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Multistage compression and transient flow in CO₂ pipelines with line packing

Daud, NKB; (2018) Multistage compression and transient flow in CO₂ pipelines with line packing. Doctoral thesis (Ph.D), UCL (University College London). Green open access

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Abstract

The main purpose of this thesis is to develop rigorous analytical and CFD models followed by their applications to real case studies in order to: i) identify the optimum multistage compression strategies for minimising the compression and intercooler power requirements for real CO2 feed streams containing various types and amounts of impurities associated with the various types of CO2 capture technologies; and ii) investigate the buffering efficacy of realistic CO2 transmission pipelines as a line packing strategy for smoothing out temporal fluctuations in feed loading and maintaining the desired dense-phase flow for both pure CO2 and its various realistic mixtures representative of the most common types of capture technologies. An analytical model based on thermodynamics principles is developed employing Plato Silverfrost FTN95 software and applied to determine the power requirements for various compression strategies and inter-stage cooling duties for typical pre-combustion (98.07 % v/v of CO2) and oxy-fuel CO2 mixtures of 85 and 96.7 % v/v CO2 purity compressed from a gaseous state at 15 bar and 38 oC to the dense-phase fluid at 151 bar. Compression options examined include conventional multistage integrally geared centrifugal compressors, advanced supersonic shockwave compressors and multistage compression combined with subcritical and supercritical liquefaction and pumping. In each case, the compression power requirement is calculated numerically using a 15-point Gauss-Kronrod quadrature rule in QUADPACK library, and employing the Peng-Robinson Equation of State (PR EOS) implemented in REFPROP v.9.1 to predict the pertinent thermodynamic properties of the CO2 and its mixtures. In the case of determining the power demand for inter-stage cooling and liquefaction, a thermodynamic model based on Carnot refrigeration cycle is applied. The study shows that a decrease in the impurity content from 15 to 1.9 % v/v in the CO2 streams reduces the total compression power requirement by ca. 1.5 % to as much as 30 %, while for all cases, inter-stage cooling duty is predicted to be significantly higher than the compression power demand. It is found that multistage compression combined with subcritical liquefaction using utility streams and subsequent pumping can offer a higher efficiency than conventional integrally geared centrifugal compression for high purity (> 96.7 % v/v) CO2 streams. In the case of a raw/dehumidified oxy-fuel mixture, that carries a relatively large amount of impurities (85 % v/v CO2), subcritical liquefaction at 62.53 bar is shown to increase the cooling duty by as much 50 % as compared to that for pure CO2. The second part of this study focuses on the development and testing of a numerical CFD model employing Plato Silverfrost FTN95 software for simulating the transient fluid flow behaviour in CO2 pipelines with line packing. The model is based on the numerical solution of the conservation equations using the Method of Characteristics, incorporating PR EOS to deal with CO2 and its various mixtures. Following its verification, the numerical model is employed to conduct a systematic study on the impact of operational flexibility involving a temporal reduction in the upstream CO2 feed flow rate on the transient flow behaviour in the pipe over a period of 8 hours. A particular focus of attention is determining the optimum pipeline design and operating line packing conditions required in order to maximise the delay in the transition from dense phase flow to the highly undesirable two-phase flow following the ramping down of the CO2 feed flow rate. The investigations were conducted for both pure CO2 and its various realistic mixtures. For the case studies examined, the results show that the efficacy of line packing can be increased by increasing the pipeline length from 50 to 150 km for the same pipe inner diameter of 437 mm. However, as the pipelines length increased to 150 km, the increase in the pipe inner diameter beyond 486 mm was found to have no further impact on the line drafting time. While, in the case of inlet feed temperature, the line drafting time increases following an increase in the inlet feed temperature of transported fluid from 283.15 K up to 303.15 K. Beyond the operating inlet feed temperature of 311.15 K, the line drafting time only marginally increased. It is also shown that the presence of impurities reduces the transition time to two-phase flow following the ramping down of the feed flow rate.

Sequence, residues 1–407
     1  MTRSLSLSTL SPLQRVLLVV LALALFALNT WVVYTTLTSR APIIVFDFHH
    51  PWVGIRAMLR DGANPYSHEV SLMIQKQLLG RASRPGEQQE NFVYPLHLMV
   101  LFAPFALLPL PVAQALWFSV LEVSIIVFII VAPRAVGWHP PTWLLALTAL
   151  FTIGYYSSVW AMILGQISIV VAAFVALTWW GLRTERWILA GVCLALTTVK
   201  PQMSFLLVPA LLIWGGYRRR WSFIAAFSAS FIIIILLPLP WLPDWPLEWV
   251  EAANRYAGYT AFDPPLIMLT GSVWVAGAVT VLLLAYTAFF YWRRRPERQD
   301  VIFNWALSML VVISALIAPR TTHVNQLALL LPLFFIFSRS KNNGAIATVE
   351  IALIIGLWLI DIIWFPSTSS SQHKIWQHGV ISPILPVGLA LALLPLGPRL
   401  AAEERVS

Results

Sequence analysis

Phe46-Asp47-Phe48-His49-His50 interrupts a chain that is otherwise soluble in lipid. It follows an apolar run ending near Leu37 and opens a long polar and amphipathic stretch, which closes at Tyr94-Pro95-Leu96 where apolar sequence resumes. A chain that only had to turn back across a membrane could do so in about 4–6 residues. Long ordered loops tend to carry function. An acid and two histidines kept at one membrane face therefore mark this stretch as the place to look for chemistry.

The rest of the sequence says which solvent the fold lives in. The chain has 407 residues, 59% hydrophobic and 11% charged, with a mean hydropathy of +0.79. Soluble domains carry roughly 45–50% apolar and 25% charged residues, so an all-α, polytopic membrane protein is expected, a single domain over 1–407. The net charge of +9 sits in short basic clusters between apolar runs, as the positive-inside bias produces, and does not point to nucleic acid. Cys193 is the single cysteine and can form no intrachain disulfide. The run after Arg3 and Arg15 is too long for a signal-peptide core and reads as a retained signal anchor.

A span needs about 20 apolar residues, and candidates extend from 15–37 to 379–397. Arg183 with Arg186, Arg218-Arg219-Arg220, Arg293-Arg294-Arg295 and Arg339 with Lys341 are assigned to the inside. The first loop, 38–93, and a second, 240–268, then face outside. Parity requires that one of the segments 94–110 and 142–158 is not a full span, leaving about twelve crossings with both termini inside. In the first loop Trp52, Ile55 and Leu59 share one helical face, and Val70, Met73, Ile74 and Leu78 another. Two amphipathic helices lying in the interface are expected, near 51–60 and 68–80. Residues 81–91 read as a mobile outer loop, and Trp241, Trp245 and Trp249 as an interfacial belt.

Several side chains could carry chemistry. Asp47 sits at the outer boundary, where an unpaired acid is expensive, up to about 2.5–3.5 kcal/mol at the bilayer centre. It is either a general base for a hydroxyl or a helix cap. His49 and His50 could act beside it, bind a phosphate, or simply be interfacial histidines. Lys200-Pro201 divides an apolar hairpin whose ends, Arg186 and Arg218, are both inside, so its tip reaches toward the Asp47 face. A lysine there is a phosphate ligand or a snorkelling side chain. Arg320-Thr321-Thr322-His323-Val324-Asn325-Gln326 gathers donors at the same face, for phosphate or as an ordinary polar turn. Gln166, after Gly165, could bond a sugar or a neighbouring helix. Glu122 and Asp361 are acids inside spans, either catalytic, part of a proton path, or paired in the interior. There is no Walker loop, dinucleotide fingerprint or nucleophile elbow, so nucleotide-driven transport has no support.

Type: Thesis (Doctoral)
Qualification: Ph.D
Title: Multistage compression and transient flow in CO₂ pipelines with line packing
Event: UCL (University College London
Open access status: An open access version is available from UCL Discovery
Language: English
UCL classification: UCL
UCL > Provost and Vice Provost Offices
UCL > Provost and Vice Provost Offices > UCL BEAMS
UCL > Provost and Vice Provost Offices > UCL BEAMS > Faculty of Engineering Science
UCL > Provost and Vice Provost Offices > UCL BEAMS > Faculty of Engineering Science > Dept of Chemical Engineering
URI: https://discovery.ucl.ac.uk/id/eprint/10044828
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